The year 2008 seemed like a never-ending journey for John Powell. Having had to score five other movies (Jumper, Stop Loss, Horton Hears a Who, Hancock, and Kung Fu Panda ) Bolt was his last scoring assignment, and probably his best. Bolt, which was recently nominated for an Oscar in the Best Animated Feature Film of the Year category, is a lovely Disney film telling the story of a dog who thinks he has superpowers, when in reality, he has none outside his TV show. The main story focuses on Bolt’s journey from New York to Hollywood after getting lost. While in this journey, Bolt meets interesting characters that allow him to understand and distinguish between his superhero and normal ‘dog’ personas. Needless to say, Bolt is an outstanding achievement in terms of animation, voiceover work, and music. For the latter, Powell is able to create a thematically driven score that relies on its orchestrations to conform to the geographic shifts of the movie. And while the Penny and Bolt theme becomes the primary musical connection for the two characters, there are many other motifs and arrangements that follow Bolt along his journey from New York to Hollywood, and more importantly, his journey from a superhero to an ordinary dog.
‘Meet Bolt’ begins as they show the little playful Bolt waiting for someone to pick him up from the display at the pet store. The theme heard here will be heard countless other times throughout the score, especially when referencing Penny and Bolt, as Penny is the little girl who picks him up and shows her affection for him before he becomes a successful TV icon. The simple theme is incredibly effective, providing tremendous functionality for an emotionally contained movie. The piano performance of the theme seems to foreshadow one of the final sequences in the movie in which Penny apparently appears happy with another dog that resembles Bolt.
Later on, the five-note motif introduced in ‘Bolt Transforms’ establishes the superhero aspect of Bolt. The theme is simple enough to convey the strength of the super dog but is never too heroic or over the top. This theme will also be used in other parts of the score whenever Bolt’s courageous acts are shown, and will keep the superhero side of Bolt differentiated from his normal, loving side looking to find his true owner and friend, Penny. Powell’s mix of orchestral elements with synthesized sounds works well, as usual, always energizing viewers but never becoming too intrusive. ‘Scooter Chase’ expands the Bolt superhero theme and introduces a few other musical ideas reminiscent of the work Powell and Harry Gregson-Williams did for “Antz.” Again, the music is powerful enough to follow Penny and Bolt in this TV episode, placing them against the infamous green-eyed man, but never taking away anything from the brilliant animations and direction.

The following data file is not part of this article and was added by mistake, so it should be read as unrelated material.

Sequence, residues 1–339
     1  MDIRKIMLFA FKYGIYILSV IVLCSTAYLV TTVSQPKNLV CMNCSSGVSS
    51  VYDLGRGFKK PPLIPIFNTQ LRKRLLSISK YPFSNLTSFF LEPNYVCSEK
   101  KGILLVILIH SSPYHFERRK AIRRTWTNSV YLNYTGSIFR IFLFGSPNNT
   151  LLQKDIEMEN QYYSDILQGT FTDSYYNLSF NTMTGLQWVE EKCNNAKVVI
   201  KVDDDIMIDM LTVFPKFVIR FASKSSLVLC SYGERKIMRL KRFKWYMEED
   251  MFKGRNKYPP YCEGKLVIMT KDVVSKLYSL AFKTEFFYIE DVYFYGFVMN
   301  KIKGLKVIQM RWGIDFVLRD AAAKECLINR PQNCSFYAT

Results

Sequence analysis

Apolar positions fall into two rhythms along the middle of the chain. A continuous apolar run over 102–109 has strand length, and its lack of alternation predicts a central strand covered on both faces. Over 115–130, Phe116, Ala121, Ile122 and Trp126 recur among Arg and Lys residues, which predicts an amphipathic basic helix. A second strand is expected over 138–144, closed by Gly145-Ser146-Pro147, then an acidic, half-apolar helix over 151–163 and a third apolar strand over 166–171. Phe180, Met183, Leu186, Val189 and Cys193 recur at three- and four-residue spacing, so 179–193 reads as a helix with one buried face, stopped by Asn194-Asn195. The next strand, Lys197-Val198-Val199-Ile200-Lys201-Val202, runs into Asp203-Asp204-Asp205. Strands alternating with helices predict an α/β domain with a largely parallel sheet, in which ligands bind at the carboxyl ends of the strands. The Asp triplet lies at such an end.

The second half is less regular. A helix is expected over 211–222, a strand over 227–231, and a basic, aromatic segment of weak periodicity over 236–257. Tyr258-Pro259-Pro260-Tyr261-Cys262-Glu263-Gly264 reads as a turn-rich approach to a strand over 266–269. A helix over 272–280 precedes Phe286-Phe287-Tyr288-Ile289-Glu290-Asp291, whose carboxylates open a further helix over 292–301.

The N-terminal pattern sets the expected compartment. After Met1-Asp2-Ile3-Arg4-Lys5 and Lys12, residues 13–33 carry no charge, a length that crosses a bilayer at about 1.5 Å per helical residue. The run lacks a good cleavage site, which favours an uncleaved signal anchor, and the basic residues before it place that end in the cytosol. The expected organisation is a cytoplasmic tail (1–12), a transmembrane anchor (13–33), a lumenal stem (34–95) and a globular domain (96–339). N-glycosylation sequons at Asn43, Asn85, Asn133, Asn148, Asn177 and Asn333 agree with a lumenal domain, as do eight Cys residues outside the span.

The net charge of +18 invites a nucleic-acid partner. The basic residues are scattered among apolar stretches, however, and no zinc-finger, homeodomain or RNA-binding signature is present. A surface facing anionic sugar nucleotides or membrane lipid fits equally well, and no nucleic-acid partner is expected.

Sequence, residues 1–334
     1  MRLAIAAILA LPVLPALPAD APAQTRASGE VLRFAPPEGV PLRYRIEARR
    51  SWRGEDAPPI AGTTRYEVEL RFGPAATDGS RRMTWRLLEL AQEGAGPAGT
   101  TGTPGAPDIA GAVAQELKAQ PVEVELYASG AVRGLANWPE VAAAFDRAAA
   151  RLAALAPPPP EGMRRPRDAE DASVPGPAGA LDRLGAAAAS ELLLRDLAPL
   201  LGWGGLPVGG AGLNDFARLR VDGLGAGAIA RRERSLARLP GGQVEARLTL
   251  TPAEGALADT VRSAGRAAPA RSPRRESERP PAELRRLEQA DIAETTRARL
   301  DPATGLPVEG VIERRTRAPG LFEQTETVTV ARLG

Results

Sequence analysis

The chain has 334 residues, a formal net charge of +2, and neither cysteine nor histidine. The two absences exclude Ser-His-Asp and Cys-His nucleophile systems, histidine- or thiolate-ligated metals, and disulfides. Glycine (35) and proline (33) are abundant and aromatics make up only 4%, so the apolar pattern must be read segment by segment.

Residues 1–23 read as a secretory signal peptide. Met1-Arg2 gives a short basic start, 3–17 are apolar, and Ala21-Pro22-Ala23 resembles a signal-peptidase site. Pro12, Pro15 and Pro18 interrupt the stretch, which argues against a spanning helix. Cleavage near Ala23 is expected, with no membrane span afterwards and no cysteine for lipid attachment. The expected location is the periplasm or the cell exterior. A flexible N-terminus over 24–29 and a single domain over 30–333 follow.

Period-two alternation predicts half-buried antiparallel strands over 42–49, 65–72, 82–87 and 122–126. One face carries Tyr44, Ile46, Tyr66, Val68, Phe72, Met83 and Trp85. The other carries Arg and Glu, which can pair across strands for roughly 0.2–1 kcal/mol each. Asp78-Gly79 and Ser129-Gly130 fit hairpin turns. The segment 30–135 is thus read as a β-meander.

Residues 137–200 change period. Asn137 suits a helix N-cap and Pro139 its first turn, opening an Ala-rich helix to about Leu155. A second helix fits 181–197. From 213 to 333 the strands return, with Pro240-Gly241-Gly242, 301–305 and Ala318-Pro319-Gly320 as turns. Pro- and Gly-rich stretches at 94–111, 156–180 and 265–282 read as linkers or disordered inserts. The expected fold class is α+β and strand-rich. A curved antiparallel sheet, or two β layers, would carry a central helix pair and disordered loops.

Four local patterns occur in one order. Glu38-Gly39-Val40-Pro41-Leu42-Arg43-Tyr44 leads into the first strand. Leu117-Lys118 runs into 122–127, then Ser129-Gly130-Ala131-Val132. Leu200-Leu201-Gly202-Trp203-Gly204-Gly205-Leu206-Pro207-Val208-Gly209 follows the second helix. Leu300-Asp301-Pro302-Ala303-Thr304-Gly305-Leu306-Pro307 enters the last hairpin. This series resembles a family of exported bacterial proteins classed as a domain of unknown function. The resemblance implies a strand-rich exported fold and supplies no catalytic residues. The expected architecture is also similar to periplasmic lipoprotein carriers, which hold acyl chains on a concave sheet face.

Both tracks, ‘New York’ and ‘Meet Mittens,’ showcase a more stylized and ethnic background score. New York contains music very suggestive of Fenton’s score for You’ve Got Mail, while ‘Meet Mittens’ — with the unavoidable mandolins — simply makes reference to The Godfather and Nino Rota's old Italian scores. (The whole concept of the pigeons and Mittens hints at the Italian mafia — in a fun, good way, of course).
Once again we start noticing the unmistakable sound of John Powell in ‘A Fast Train’ and “Where Were You on St. Rhino’s Day.’ His orchestrations are never stale, always allowing woodwinds, brass, and strings to shine individually while keeping the adrenaline flowing. There are no new themes, but Powell does a great job of creating rich and intricate string lines incorporating some of the other themes and motifs. Alas, like most of the other tracks in this album, these pieces are extremely short.
As Bolt, Mittens, and Rhino travel in a beautiful mobile home wondering whether they will ever find a place with a loving family, Mittens shows Bolt the true behavior of dogs. Meanwhile, ‘House on Wheels’ serves as the background score for this scene; not surprisingly, Powell’s versatility as a composer really flourishes, as the arrangements are incredibly intricate. Not only does he incorporate a wonderful new theme, but more importantly, he also builds this track around the first Penny theme, always evoking the sound of the beautiful friendship these two characters had before Bolt got lost.
‘A Friend in Need,’ ‘Rescuing Penny,’ ‘A Real Live Superbark,’ and ‘Unbelievable TV’ would probably be considered one splendid expansion of the Penny and Bolt’s theme. The emotional undertone from the first three aforementioned tracks can be described as the musical pinnacle of this album. ‘Unbelievable TV,’ which accompanies the second half of the end credits and contains some variations of the Bolt superhero theme, is also built upon very solid compositions.
While the songs in the soundtrack are nothing spectacular, they are quite enjoyable, especially considering their effectiveness in the movie. Not being a Miley Cyrus fan myself, I found her songs to simply serve as an extension of Penny, which as a duet with John Travolta (Bolt) in ‘I Thought I lost You’ reinforces the wonderful friendship these two characters have. Without a doubt, both the score and the movie were among the best to come out of Hollywood in 2008. Powell’s incredible year as a film composer could not have been complete without this great score. Bolt was probably his best score of the year — and let’s not forget that he also had to score five other movies. This is what a Disney score should be all about: great energy, beautiful and emotional themes, and a wonderful tool serving as reminder of the movie’s message and meaning. The songs can be a negative for some Powell fans, but focusing solely on the score, we can call this a truly impressive achievement for Powell. Bolt is one score film music fans will enjoy for many years.